Nat Turner's Confessions and Frederick Douglass' The Heroic Slave

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Nat Turner's Confessions and Frederick Douglass' The Heroic Slave

The names of Nat Turner and Frederick Douglass are remembered because of the fame that they earned as black Americans during pre-Civil War slave period. However, their names color the pages of history books for widely different reasons: Nat Turner led one of the greatest slave revolts in almost 150 years of slavery, while Frederick Douglass obtained his freedom and education, going on to become a renowned speaker, author, and public leader.

Nat Turner's insurrection in Southampton, Virginia in 1831 was a massacre of over sixty slaveholders and subsequently many slaves as Turner and his alliance of slaves joined together in protest of their enslavement. The story of the
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Turner was born in Southampton County, Virginia in the year 1800. He mentions that his father escaped from slavery but he and his mother remained enslaved until his death. He is recorded as claiming that he was not ill-treated and that his masters were kind and placed confidence in him. Douglass, on the other hand, was born in Maryland and never knew his exact birth date or the identity of his father, who allegedly was a white man. He was separated from his mother while still an infant. He recalls being one of about thirty slaves under the authority of a very severe and cruel overseer. Little is known about Turner's childhood, but he relates memories of his having some kind of extraordinary perceptions that differentiated him from other people; this supposedly guided him to lead the rebellion.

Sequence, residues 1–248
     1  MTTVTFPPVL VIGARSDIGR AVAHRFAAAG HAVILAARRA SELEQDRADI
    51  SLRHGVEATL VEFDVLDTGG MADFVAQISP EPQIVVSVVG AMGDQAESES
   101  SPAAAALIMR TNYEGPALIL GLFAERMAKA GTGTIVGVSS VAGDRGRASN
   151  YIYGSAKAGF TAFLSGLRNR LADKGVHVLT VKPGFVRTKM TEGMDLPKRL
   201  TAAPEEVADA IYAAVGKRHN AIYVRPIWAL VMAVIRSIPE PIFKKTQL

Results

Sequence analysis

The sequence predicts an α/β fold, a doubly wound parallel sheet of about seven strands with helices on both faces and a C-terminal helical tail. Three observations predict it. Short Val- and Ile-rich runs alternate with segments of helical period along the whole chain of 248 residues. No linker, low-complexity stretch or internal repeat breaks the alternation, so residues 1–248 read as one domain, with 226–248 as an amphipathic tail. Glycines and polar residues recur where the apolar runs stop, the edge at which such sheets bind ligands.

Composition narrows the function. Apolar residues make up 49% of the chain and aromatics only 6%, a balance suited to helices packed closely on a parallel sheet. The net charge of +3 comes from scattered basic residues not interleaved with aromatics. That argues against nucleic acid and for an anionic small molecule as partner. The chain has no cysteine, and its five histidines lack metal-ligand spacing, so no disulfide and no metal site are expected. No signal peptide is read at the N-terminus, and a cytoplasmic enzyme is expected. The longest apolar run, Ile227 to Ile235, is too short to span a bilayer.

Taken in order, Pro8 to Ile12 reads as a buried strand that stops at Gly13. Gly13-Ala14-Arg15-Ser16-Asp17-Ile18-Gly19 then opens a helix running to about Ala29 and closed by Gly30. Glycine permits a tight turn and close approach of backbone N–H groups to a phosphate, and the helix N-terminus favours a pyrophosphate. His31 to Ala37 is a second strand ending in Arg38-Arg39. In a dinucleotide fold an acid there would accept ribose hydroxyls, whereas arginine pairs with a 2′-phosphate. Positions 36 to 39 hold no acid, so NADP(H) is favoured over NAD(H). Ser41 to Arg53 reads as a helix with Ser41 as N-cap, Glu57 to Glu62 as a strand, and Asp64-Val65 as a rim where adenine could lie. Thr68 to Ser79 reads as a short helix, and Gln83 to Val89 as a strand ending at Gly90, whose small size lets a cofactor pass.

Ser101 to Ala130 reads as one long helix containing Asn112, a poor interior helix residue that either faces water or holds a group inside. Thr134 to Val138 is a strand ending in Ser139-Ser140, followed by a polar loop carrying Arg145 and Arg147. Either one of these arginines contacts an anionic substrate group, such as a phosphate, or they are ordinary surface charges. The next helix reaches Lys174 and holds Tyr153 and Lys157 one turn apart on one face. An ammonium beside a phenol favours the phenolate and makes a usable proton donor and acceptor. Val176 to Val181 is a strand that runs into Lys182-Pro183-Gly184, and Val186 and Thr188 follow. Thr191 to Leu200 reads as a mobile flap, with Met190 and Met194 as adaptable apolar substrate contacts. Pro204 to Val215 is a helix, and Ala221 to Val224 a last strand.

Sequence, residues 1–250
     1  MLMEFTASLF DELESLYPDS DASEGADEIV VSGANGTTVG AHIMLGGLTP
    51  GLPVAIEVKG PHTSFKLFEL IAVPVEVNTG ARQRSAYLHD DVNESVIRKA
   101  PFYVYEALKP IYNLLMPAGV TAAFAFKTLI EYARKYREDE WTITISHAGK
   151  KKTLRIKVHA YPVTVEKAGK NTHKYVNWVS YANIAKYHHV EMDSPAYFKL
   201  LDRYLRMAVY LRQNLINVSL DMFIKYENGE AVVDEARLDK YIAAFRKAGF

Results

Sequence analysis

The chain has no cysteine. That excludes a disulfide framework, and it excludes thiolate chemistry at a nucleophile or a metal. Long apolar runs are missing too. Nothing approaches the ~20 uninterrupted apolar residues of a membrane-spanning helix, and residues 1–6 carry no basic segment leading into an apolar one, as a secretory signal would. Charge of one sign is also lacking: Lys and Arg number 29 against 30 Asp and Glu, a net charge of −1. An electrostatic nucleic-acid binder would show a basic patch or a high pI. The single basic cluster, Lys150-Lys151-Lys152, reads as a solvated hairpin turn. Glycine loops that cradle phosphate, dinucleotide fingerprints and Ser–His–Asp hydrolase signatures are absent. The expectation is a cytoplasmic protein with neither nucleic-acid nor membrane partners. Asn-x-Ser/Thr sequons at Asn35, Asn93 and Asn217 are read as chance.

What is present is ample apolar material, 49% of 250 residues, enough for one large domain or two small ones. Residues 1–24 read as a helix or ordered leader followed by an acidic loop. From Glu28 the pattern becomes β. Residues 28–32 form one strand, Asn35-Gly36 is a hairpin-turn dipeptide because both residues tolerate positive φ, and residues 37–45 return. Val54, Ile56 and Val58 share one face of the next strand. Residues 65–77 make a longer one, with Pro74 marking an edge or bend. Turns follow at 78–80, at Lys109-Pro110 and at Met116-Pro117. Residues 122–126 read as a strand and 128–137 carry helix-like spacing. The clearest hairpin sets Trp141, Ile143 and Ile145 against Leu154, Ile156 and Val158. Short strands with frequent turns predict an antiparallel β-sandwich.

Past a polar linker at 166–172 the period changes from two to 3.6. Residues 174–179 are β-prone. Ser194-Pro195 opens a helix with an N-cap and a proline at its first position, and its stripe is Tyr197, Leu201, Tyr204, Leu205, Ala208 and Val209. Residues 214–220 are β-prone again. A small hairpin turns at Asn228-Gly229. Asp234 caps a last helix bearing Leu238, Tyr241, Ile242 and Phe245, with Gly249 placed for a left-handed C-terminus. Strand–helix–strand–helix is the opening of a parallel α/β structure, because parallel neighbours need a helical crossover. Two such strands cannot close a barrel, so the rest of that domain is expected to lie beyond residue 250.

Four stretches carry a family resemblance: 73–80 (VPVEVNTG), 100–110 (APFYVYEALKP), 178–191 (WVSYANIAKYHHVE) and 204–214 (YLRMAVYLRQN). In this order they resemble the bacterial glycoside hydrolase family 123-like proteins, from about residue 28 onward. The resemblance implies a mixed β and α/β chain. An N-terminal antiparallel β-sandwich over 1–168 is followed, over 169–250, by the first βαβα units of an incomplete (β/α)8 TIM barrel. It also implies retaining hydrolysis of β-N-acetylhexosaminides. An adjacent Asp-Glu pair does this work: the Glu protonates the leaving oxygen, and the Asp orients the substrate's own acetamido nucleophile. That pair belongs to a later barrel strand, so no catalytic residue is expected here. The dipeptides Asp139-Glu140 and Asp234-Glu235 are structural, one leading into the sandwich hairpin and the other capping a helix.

Both Turner and Douglass could read and write. It is vague how Turner learned, but his use was mostly for religious purposes such as reading and teaching the Bible. The wife of Douglass' second master educated him. He felt self-motivated to learn because his master was so adamantly opposed to it; Douglass found ways to obtain his education without his master's knowing of it and he became well read, making the best use of his education. Turner's education was narrower and scanty compared to that of Douglass. For Douglass, it was through his education that he learned about opportunity and the free north, motivating him to seek freedom and use his education. Turner's

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